However, the injured woman and her family have instead made a civil car accident claim against the police. Mrs Evans’ daughter, Yvonne, was righteously angry in a statement, remarking how her mother had been ‘robbed’ of her her independence – and she has a point, considering how one of Mrs Evans’ favourite pastimes was taking regular walks in an effort to remain fit.
North Wales Police Force has been tight-lipped as always. With a matter currently ongoing, it would be inappropriate to comment on the case, a spokesman said.
Being a law enforcement official can be a dangerous job sometimes: injured police officers from Lancashire have claimed thousands in damages after making work accident claims.
The Lancashire Police Force has been suffering from high volumes of personal injury at work over the last five years, as it was recently revealed in a Freedom of Information request that there were 4,000 police personnel injured in the line of duty. Two of these Lancashire police officers were injured so severely that their lives were even in danger, the documents revealed.
Luckily, not all the injuries were quite that severe; in fact a good number of them were complete accidents. One officer became injured after falling from their bicycle seat, earning a total of £1,500 in personal injury compensation, while another saw an officer injured when a colleague inadvertently threw a bike at him, injuring him enough to warrant a £4,620 compensation award.
It may sound frivolous, but it’s not as if there’s some concerted effort on the part of police officers in Lancashire to injure themselves in order to get a few extra quid. In fact, injury figures are overall in decline, even if last year’s figures were higher than 2010’s, indicating that most police personnel are actually quite careful due to their training and experience.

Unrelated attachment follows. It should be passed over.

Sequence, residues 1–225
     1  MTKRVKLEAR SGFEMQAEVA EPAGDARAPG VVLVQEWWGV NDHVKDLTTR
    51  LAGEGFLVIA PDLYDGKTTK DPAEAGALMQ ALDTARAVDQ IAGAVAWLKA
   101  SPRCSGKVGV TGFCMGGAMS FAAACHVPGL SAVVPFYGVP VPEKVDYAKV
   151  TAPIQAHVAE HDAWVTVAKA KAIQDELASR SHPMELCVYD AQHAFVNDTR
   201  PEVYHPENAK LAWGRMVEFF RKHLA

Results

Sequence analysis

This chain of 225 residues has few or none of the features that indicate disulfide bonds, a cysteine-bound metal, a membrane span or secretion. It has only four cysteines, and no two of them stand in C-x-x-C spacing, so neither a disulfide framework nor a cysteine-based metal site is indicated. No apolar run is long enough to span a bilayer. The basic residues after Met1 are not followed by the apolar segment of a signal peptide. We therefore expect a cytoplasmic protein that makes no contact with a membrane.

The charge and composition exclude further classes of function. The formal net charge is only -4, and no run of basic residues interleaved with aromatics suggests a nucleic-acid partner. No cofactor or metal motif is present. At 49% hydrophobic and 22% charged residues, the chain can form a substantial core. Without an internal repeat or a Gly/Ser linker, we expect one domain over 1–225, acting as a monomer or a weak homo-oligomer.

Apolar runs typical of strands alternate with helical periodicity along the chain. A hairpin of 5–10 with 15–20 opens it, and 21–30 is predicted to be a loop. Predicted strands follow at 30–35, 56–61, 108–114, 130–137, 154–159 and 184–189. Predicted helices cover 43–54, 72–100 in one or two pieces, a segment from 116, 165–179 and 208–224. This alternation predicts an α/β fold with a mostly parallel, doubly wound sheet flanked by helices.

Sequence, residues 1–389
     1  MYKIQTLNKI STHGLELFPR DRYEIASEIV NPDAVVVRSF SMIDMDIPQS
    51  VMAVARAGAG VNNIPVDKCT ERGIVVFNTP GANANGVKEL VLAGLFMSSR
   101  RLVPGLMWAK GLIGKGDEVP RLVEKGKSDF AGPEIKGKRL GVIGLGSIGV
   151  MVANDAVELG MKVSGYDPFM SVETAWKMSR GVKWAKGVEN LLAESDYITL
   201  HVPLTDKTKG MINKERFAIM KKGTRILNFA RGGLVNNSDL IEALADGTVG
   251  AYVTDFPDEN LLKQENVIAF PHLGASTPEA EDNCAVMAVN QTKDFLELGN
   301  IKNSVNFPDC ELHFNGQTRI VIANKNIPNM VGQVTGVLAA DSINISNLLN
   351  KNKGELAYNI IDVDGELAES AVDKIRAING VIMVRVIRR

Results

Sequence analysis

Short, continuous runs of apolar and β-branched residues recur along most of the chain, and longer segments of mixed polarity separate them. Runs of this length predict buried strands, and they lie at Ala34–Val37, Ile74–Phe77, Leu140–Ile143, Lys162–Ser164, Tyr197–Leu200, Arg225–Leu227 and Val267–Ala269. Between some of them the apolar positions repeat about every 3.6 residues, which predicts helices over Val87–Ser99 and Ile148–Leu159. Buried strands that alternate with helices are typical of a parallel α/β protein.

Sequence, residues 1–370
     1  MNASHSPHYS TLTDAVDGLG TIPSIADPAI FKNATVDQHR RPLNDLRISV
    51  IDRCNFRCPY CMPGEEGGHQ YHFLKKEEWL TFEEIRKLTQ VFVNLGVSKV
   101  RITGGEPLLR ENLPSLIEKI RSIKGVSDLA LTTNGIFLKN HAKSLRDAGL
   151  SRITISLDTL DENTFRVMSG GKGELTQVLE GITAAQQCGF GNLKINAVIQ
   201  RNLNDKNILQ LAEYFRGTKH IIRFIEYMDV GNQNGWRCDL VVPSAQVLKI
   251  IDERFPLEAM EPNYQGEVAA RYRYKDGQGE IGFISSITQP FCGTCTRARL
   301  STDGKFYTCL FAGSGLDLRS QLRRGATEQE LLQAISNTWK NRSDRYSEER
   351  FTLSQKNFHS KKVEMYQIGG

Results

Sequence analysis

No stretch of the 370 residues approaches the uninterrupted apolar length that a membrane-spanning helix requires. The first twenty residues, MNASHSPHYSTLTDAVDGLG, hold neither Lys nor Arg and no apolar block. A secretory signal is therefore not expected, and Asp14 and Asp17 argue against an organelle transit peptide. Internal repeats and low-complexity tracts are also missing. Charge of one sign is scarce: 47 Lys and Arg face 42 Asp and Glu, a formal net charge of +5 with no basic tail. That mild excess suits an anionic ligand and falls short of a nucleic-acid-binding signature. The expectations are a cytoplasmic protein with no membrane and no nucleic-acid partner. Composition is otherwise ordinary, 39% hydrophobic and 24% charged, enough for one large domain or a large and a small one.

Still, accidents happen, which is why accident claims are made. If even professional law enforcement officers sometimes get embroiled in incidents at work that leave someone injured inadvertently, it’s no wonder that personal injury at work occurs in other employment sectors – especially the construction sector, due to the sometimes dangerous nature of the work.
Judges say that personal injury compensation awards will be increasing by 10 per cent from 2013 in part of an effort to make it less expensive for defendants to lose personal injury claims.
At first blush this seems mad – why raise the damages awards for claimants as a way to reduce costs to insurers or institutions like the NHS? Well, it’s just one side of the coin; the other side will be an end to the custom of having losing defendants paying the ‘success fees’ and legal costs for the winning side’s personal injury solicitors.
Thanks to the new Legal Aid Act that was signed into law this year, this practice comes to an end on 1 April of next year. Now winning claimants will pay their own lawyers’ legal fees out of their compensation awards, which is why the damages awards are being increased by 10 per cent in order to keep up with the change.
The practice could lead to millions being saved in the car insurance industry, as successful car accident claims can generate massive legal costs in addition to any compensation payment directly awarded to a claimant. Medical negligence cases are likely to become less expensive overall as well, as the NHS was in the same rapidly-sinking boat that insurers were prior to the law.
The new change will also lead to fewer spurious claims being brought in the UK, as claimants now no longer claim the entirety of their award on a successful claim and lawyers will not be able to charge exorbitant legal costs – success fees are also capped at 25 per cent of the usual costs, unlike the current 100 per cent fees charged to losing defendants now.